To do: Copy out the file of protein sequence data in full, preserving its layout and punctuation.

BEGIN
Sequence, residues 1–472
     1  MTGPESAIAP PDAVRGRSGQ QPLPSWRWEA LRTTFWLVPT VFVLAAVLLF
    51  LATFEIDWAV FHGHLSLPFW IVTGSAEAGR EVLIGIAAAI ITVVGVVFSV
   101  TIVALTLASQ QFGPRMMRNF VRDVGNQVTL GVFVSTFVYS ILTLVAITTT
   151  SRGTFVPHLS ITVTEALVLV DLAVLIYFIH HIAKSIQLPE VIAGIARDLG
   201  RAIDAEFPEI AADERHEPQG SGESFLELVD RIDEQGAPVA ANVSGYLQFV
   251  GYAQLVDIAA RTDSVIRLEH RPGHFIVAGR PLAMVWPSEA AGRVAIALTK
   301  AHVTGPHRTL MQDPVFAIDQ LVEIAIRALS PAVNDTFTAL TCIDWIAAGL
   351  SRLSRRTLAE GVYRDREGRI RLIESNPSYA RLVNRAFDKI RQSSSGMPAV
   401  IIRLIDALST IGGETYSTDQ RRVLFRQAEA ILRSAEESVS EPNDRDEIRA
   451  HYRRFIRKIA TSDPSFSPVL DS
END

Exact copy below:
Sequence, residues 1–472
     1  MTGPESAIAP PDAVRGRSGQ QPLPSWRWEA LRTTFWLVPT VFVLAAVLLF
    51  LATFEIDWAV FHGHLSLPFW IVTGSAEAGR EVLIGIAAAI ITVVGVVFSV
   101  TIVALTLASQ QFGPRMMRNF VRDVGNQVTL GVFVSTFVYS ILTLVAITTT
   151  SRGTFVPHLS ITVTEALVLV DLAVLIYFIH HIAKSIQLPE VIAGIARDLG
   201  RAIDAEFPEI AADERHEPQG SGESFLELVD RIDEQGAPVA ANVSGYLQFV
   251  GYAQLVDIAA RTDSVIRLEH RPGHFIVAGR PLAMVWPSEA AGRVAIALTK
   301  AHVTGPHRTL MQDPVFAIDQ LVEIAIRALS PAVNDTFTAL TCIDWIAAGL
   351  SRLSRRTLAE GVYRDREGRI RLIESNPSYA RLVNRAFDKI RQSSSGMPAV
   401  IIRLIDALST IGGETYSTDQ RRVLFRQAEA ILRSAEESVS EPNDRDEIRA
   451  HYRRFIRKIA TSDPSFSPVL DS